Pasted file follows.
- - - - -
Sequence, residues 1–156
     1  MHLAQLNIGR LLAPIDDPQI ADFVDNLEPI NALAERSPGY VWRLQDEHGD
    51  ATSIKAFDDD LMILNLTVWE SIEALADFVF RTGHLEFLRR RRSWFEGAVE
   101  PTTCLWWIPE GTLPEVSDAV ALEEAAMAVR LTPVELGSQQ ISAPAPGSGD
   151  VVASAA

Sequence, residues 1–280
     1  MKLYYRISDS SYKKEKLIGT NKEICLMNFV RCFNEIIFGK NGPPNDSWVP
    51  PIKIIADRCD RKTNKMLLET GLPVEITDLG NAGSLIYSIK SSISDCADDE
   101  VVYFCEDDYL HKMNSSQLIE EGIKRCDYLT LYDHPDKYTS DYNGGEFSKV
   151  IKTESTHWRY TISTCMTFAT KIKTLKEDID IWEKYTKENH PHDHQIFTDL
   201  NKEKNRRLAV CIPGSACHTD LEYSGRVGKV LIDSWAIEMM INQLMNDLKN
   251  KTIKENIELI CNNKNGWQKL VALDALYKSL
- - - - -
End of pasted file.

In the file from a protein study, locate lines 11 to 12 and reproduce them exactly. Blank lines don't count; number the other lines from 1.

   201  NKEKNRRLAV CIPGSACHTD LEYSGRVGKV LIDSWAIEMM INQLMNDLKN
   251  KTIKENIELI CNNKNGWQKL VALDALYKSL